In the years leading up to World War II, he wrote two companion books to Three Harbours, Stars on the Sea and Rivers of Glory, as well as three more Hugh North mysteries. These books all did very well, especially Stars on the Sea, which was a top 10 bestseller for 1940, and Mason was in his prime before the war interrupted his writing. He re-enlisted in the Army after Pearl Harbor and suspended his writing career, though he did manage to write some youth oriented war stories under the name Frank W. Mason. At this time he also published a couple of reworked pulp serials under the name Ward Weaver. During World War II he worked as Chief Historian on General Eisenhower's staff, having achieved the rank of Colonel, and was the recipient of numerous awards for bravery. His main responsibility was to document the war for future generations, but also wrote a famous communiqué which announced the activities of D-Day to the world. As part of his duties he followed behind or with advancing troops as they worked their way into enemy territory and was one of the first into some of the concentration camps including Buchenwald.
After the war he settled into a more leisurely pace of a little more than one book per year, which he was to maintain for the next quarter century. His style was well refined by this time and he published a string of fairly popular books. He finished his American Revolution series with Eagle in the Sky in 1948. He wrote Cutlass Empire, a popular novel about the famous buccaneer Henry Morgan, in 1949, and started a trilogy on the Civil War in 1951.
He rewrote more of his pulps for the paperback market during the fifties and had a successful youth book called The Winter at Valley Forge in 1955. After that he continued to write historical novels for the youth market as part of his mix. He also moved from Baltimore to Bermuda area during the fifties. His wife was ill during this period and finally died in 1958.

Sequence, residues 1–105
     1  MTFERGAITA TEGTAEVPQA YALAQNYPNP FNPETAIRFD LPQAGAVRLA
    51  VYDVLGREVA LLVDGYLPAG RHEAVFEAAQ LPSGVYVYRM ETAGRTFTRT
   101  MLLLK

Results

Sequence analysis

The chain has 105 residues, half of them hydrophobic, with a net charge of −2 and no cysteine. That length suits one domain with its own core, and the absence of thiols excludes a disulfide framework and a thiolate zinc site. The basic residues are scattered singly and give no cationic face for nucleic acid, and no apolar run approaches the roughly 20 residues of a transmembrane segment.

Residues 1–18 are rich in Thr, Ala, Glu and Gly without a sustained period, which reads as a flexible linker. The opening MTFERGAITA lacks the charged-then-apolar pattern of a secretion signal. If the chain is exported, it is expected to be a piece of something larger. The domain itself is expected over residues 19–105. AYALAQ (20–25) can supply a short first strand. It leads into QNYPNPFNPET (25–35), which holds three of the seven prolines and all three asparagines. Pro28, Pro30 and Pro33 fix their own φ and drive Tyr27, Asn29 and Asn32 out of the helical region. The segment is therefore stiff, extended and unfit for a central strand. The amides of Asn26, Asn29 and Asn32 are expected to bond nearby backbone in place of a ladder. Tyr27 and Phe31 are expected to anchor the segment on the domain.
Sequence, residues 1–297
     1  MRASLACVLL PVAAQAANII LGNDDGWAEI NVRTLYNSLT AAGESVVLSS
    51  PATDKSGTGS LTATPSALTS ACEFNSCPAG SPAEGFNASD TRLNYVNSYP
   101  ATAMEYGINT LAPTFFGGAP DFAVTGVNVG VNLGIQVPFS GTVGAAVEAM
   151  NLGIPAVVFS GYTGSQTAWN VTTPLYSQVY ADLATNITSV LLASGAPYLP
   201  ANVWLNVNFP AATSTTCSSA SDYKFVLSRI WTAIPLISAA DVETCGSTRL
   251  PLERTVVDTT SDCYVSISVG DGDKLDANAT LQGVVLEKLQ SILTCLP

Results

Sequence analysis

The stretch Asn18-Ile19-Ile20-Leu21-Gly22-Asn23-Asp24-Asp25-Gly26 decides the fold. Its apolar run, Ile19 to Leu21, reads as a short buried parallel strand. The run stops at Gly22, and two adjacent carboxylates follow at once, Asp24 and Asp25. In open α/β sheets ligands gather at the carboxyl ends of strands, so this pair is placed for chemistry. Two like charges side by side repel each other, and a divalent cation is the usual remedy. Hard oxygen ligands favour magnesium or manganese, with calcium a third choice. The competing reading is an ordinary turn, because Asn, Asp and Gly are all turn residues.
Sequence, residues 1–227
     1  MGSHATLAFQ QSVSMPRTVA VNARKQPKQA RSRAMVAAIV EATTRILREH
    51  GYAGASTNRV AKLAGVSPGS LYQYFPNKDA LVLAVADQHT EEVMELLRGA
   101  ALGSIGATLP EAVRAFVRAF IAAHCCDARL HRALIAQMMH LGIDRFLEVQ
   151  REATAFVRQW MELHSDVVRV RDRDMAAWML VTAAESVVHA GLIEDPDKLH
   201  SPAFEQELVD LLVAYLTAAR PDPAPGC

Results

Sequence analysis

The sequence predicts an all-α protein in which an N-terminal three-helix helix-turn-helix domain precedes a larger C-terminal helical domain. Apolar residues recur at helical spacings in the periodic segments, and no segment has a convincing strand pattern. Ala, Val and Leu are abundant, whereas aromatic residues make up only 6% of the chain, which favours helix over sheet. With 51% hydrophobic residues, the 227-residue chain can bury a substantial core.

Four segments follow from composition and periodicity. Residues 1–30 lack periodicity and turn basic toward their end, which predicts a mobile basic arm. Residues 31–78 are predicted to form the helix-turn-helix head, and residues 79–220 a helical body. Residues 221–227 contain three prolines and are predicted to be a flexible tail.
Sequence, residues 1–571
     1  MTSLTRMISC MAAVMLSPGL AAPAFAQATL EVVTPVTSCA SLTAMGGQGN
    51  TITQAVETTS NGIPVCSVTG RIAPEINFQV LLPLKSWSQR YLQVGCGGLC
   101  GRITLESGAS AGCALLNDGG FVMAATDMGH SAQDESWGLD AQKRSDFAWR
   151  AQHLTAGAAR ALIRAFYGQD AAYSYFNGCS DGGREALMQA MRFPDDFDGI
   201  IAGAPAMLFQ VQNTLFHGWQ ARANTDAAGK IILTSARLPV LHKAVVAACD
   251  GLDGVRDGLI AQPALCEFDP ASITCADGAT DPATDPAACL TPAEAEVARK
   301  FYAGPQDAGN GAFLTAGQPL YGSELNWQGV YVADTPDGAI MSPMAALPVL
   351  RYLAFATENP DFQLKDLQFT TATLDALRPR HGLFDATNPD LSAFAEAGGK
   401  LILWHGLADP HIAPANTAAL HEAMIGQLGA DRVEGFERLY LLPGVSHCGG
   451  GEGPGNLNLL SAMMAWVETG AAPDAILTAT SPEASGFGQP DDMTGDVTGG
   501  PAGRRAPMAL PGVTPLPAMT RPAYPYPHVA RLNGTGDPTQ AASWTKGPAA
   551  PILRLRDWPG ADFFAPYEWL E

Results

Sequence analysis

He was soon remarried to Jean-Louise Hand, his long-time secretary. He spent the rest of his life in Bermuda, writing historical fiction for both the adult and youth market as well as several more Hugh North novels. He drowned in 1978 while swimming off the coast of Bermuda after having finished his final novel, Armored Giants, about the battle between the Monitor and Merrimack, which was published posthumously in 1980.
Mason's writing style was colorful though straightforward. He seems to use his own voice in telling these stories in the third person, though he only lets a little of his personality come through as narrator. His stories usually revolve around a heroic gentleman character. This hero is usually a little rough around the edges and may be forced to extreme measures by circumstances, but in the end, comes out on top. Based on his own life which involved extensive travel, his stories are usually either set in exotic locations, as in the Hugh North stories, or involve main characters who are getting about quite a bit.
His historical stories nearly always involve some kind of warfare and frequently include naval battles or long sea voyages. Most of his historical novels are prefaced by a fairly lengthy (usually several pages) discussion of the historical setting and context of his story. Often, through his fictional characters, Mason recounts the story of some significant but not widely known historical event. Actual historical figures are occasionally introduced as minor characters in the plot. While one may learn a little history and geography when reading his works, the main point of his stories is the excitement provided as he first makes the reader care about his main characters and then puts them into dire circumstances where they have to fight for their lives.
- New York Times, June 9, 1940, pg. BR8
- New York Times, September 24, 1938, pg. 10
- Washington Post, September 29, 1938, pg. X18